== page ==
Since 2006, our government has already moved aggressively to close over 75 tax loopholes. The loopholes we are closing amounts to billions annually. Shamefully, the NDP has voted against every single attempt by our government to close loopholes since 2006.
Canada's resilient economic performance in an uncertain world is the clearest evidence needed to demonstrate the effectiveness of our plan, which is continuing to deliver results for Canadians. Since we introduced the economic action plan to respond to the global recession, Canada has recovered more than all of the output and all of the jobs lost during the recession.
Employment has increased by nearly 900,000 since July 2009 and is now more than 465,000 above its pre-recession peak, the strongest job growth among G7 countries. More than 90% of all jobs created since July 2009 have been full-time positions. Close to 80% are in the private sector, and more than two-thirds are in the high-wage industries.
Real GDP is now significantly above pre-recession levels, the best performance in the G7. Canada has weathered the economic storm well, and the world has noticed.
Both the IMF and the OECD expect Canada to be among the strongest-growing economies in the G7 over this year and next. For the sixth year in a row, the World Economic Forum rated Canada's banking system as the world's soundest. The three credit rating agencies—Moody's, Fitch and Standard & Poor's—have reaffirmed their top ratings for Canada, and it is expected that Canada will maintain its AAA rating in the year ahead.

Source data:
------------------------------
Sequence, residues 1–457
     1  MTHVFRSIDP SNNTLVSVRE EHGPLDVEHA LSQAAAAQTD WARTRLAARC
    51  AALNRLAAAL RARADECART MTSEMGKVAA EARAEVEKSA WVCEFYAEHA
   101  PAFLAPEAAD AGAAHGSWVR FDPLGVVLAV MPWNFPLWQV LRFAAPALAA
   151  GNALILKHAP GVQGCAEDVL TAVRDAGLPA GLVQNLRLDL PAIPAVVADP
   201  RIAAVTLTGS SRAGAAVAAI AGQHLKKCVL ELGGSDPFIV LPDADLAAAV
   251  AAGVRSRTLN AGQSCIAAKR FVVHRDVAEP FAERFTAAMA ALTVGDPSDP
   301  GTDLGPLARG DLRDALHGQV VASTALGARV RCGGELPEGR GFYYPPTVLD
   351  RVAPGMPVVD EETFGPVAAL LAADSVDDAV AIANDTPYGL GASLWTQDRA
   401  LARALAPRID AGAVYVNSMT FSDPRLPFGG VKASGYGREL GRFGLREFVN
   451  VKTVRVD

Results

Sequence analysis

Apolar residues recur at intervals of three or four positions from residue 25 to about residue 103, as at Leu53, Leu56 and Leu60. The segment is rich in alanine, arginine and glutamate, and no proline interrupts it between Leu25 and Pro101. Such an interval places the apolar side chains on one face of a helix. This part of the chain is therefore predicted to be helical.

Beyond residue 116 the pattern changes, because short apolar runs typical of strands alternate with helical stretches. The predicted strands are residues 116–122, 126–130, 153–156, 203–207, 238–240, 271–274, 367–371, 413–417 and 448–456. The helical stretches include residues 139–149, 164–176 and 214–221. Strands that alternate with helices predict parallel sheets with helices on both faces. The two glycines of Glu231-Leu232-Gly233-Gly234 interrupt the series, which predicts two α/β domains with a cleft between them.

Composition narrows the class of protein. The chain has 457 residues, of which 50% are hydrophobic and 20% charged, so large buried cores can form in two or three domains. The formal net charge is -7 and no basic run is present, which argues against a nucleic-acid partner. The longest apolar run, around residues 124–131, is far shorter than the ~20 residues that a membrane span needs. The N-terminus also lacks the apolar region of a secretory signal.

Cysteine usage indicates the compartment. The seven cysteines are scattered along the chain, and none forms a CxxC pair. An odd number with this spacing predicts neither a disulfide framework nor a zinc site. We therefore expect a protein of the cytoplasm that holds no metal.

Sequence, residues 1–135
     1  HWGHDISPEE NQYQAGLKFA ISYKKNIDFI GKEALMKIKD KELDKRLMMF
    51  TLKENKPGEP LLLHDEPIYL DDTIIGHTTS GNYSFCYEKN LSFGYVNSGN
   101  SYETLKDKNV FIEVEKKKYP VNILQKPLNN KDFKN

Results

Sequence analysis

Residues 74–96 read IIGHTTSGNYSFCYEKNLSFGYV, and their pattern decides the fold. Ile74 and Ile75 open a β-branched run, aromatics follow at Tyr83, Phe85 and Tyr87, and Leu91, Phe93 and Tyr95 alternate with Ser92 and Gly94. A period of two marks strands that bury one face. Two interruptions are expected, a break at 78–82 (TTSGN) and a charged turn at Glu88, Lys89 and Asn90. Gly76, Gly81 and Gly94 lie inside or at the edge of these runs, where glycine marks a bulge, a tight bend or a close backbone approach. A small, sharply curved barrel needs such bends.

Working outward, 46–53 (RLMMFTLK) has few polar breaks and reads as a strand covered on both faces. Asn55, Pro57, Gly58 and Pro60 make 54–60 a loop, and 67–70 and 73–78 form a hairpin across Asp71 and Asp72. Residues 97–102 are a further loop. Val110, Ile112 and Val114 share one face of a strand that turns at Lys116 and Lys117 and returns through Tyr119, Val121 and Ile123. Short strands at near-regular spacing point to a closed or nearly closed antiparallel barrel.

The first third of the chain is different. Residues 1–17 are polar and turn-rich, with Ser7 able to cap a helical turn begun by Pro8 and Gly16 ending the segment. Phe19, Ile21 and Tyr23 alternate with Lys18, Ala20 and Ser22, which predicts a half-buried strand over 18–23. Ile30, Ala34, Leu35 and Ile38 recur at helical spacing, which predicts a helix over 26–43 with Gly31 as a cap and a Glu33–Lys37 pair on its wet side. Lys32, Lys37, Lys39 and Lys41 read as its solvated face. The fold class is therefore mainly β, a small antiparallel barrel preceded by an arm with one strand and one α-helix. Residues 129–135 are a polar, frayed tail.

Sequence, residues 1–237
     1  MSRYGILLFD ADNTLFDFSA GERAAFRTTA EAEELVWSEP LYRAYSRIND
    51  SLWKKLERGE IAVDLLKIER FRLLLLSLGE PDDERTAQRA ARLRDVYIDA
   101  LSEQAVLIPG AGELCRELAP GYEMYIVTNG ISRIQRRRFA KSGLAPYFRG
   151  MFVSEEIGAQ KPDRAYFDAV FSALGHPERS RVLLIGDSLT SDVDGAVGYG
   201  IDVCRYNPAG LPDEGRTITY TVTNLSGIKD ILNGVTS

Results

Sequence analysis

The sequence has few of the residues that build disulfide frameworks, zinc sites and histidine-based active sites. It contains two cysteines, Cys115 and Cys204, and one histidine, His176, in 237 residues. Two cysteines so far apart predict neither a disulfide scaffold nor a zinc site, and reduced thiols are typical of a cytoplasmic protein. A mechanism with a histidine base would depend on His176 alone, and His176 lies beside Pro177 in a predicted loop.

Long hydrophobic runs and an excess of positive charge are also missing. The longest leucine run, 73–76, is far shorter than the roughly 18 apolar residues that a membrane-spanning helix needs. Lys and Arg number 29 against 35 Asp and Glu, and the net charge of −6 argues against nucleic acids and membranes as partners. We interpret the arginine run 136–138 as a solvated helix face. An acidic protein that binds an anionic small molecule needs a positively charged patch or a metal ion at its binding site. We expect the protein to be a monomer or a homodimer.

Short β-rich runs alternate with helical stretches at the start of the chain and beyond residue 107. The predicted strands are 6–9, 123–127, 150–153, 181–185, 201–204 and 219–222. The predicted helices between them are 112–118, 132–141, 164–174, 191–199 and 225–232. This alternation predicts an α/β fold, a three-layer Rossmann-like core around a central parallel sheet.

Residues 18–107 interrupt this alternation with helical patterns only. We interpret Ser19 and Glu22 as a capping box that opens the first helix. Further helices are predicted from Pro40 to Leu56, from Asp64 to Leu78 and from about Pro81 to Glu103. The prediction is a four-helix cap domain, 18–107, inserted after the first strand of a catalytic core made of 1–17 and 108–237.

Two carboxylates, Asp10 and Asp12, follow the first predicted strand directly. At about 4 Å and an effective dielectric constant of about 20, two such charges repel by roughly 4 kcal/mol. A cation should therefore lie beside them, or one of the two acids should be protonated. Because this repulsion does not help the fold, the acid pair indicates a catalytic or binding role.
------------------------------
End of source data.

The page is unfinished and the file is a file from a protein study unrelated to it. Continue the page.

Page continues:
Our government also understands that Canada cannot rest on this record of success. We cannot afford to become complacent. While the Canadian economy continues to grow and create jobs, the challenges confronting us remain significant. The global economy remains fragile. The United States, our largest trading partner, is struggling with massive debt and modest economic growth. The euro area remains in recession. At the same time, global competition from emerging markets is intensifying.
In an uncertain global economic environment, the most important contribution the government can make to bolster confidence and growth is to maintain a sound fiscal position. Responsible fiscal management assures the sustainability of public services and low tax rates for future generations, while providing room to manoeuvre in the event of an adverse development across our borders.
Our government is committed to returning to balanced budgets by 2015 and will focus on what it can control in order to achieve this result. Such a commitment explains why, alone among the G7 countries, Canada continues to receive the highest possible credit ratings and a stable outlook from all the major credit rating agencies. Among global investors, Canada has a well-earned reputation for building an internationally competitive tax regime and for responsible fiscal, economic and financial sector management.
In conclusion, today's NDP motion, which attacks economic action plan 2013, is shameful when we consider Canada's record of achievement and the actions we have taken to lower taxes for Canadians. I would therefore encourage hon. members to not only reject the NDP's high-tax agenda but to support the timely passage of economic action plan 2013 so that it can continue to deliver tax relief for Canadians.